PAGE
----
New tax rules for digital nomads in Malta – income tax

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On 7 December 2023, Malta’s Minister of Finance issued the Nomad Residence Permit (Income Tax) Rules 2023. The new rules apply to digital nomads who are resident and working in Malta, as well as applicants who are currently in the processing stage, and also future digital nomads. An individual holding a valid Nomad’s Residence Permit issued by the Residency Malta Agency will be subject to income tax at 10% on income derived from “authorized work”. This is a substantial reduction in the progressive rate of taxation, which can reach up to 35%.

“Permitted work” is defined in the Rules as services provided by an authorized principal applicant pursuant to a contract of employment with an employer who is not domiciled in Malta and does not carry on business in Malta through a permanent place of business, or services provided by an authorized principal applicant as a self-employed person for clients , who are not domiciled in Malta and who do not carry on business in Malta through a fixed place of business, both of which services are provided remotely by means of telecommunications technology as may be approved by the Residency Malta Agency.

An individual will also be able to benefit from double taxation relief under Malta’s tax treaties (provided he is eligible to benefit from such treaties by being tax resident in one of the tax treaty contracting states).

The rules also provide in rule 3(2) that income from permitted work is treated as the initial part of the total taxable income of an individual for a particular assessment year. This means that income derived from permitted employment, subject to the 10% rate of income tax referred to in sub-rule (1), will be treated as a starting component in computing the total taxable income of the person for the relevant assessment year.

Rule 3(3) introduces an “exemption” period during which the authorized principal applicant is not liable to pay tax on the income from the authorized work. This exception is valid for a period of 12 months from the date of issue of the nomads’ residence permit.
This exception also removes ambiguity regarding the tax status of those who already have a residence permit for more than a year. Income received before January 1, 2024 will not be taxed.

In order to benefit from this exemption, an eligible applicant must submit a written declaration to the Malta Residence Agency stating that their stay in Malta during this twelve-month period is not of an occasional nature only. The purpose of this provision is to provide individuals newly granted a nomadic residence permit with a tax grace period to allow them time to settle in Malta before becoming subject to income tax on their permitted employment income.

However, this exception does not apply to persons who do not have a valid nomadic visa (e.g. expired), but who have been granted a nomadic visa within 2 years of the date they ceased to hold the original nomadic visa. This means that even though they will be able to take advantage of the reduced 10% income tax rate, they will have to include their total income derived from permitted work and pay a 10% income tax rate on this gross amount. For persons who have been granted a new nomadic visa after 2 years from the date they ceased to hold the original nomadic visa, they are entitled to the above exemption.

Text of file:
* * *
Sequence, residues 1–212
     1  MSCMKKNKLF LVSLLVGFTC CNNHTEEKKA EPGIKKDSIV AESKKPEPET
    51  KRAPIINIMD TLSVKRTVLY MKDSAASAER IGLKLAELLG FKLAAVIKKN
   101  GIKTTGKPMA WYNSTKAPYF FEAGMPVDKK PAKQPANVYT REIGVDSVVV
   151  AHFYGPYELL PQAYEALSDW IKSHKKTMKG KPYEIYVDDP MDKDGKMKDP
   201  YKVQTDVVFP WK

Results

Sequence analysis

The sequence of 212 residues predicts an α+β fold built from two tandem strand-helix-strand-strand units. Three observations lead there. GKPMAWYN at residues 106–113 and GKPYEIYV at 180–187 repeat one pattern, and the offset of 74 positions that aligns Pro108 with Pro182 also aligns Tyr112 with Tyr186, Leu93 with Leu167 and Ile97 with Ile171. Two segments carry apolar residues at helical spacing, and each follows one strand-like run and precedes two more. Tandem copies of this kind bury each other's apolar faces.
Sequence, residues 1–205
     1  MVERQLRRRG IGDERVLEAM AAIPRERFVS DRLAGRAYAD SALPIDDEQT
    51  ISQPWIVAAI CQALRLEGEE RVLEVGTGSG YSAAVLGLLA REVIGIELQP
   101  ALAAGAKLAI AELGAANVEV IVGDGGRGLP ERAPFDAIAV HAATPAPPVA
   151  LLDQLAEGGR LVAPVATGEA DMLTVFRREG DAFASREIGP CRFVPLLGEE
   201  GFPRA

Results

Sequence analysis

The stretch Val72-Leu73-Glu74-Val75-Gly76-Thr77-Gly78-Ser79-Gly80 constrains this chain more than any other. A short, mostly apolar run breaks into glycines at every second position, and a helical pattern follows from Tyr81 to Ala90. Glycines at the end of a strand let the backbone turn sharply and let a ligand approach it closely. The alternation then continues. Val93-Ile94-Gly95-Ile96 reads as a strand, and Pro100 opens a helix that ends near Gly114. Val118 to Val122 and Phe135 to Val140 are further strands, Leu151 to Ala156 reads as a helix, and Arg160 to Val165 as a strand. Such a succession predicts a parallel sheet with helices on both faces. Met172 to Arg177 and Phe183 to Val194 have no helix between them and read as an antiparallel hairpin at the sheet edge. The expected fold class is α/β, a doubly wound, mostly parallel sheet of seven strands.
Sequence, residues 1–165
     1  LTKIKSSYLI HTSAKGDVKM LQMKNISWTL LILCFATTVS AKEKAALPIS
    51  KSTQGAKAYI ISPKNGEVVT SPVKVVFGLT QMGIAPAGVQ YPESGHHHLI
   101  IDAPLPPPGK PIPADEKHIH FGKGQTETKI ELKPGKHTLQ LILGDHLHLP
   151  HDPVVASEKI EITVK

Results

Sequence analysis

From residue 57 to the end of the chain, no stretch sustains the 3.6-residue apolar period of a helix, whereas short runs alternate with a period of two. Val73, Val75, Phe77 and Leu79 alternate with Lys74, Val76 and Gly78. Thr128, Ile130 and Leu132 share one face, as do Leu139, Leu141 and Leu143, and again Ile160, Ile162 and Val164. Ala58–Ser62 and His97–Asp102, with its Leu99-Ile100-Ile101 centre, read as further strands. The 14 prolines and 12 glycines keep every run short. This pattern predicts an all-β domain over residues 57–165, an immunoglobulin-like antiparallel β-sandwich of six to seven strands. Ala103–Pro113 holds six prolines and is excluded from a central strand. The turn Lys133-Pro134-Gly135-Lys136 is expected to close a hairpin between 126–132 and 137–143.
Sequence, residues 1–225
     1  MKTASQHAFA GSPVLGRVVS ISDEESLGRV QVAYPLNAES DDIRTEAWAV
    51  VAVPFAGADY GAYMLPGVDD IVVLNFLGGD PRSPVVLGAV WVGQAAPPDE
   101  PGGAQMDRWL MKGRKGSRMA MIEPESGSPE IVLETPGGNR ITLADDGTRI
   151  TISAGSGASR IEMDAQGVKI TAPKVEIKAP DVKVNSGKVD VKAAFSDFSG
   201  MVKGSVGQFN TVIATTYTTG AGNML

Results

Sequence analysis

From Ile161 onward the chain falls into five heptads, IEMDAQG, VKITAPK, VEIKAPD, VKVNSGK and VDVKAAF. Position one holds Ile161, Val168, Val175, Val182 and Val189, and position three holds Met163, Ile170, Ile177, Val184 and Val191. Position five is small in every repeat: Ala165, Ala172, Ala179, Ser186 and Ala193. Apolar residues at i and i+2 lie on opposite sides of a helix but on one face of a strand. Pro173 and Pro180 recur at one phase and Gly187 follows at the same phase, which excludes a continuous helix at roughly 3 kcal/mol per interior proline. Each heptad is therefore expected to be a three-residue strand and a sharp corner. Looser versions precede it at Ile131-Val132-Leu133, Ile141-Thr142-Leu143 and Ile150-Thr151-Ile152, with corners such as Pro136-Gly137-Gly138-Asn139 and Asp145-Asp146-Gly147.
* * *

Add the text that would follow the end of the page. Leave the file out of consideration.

Any other income not derived from authorized employment will be subject to the general tax rules under the Maltese Income Tax Act. So the general rules regarding progressive taxation, dividends, interest and so on apply.

The rules also prescribe reporting obligations. The rules stipulate that an applicant for a nomadic visa must file an income tax return. Eligible principal applicants whose income is taxable in Malta must register for income tax and file a tax return in accordance with the above rules. Applicants must register for income tax, even for activities carried out before the end of the initial twelve-month period.

They do not have to report income from authorized work for the first twelve months, unless they submit a written statement to the Residency Malta Agency about their presence in the country.

If their income comes only from permitted work and other income that does not require reporting, and the period covered does not exceed the first twelve months, they are exempt from filing a tax return.

In terms of foreign taxes, if the eligible principal applicant is subject to tax on income from authorized employment for any part of the year, they provide evidence of paying taxes outside Malta of at least 10%, this will mean that they do not need to report this income for Maltese tax purposes. This is because the tax due is treated as settled through the double taxation relief provisions.

It is the responsibility of the Residency Malta agency to submit proof of payment of foreign tax to the Malta Revenue Commissioners.

The content of this article is intended to provide a general guide to the issue. Professional advice should be sought regarding your particular situation.

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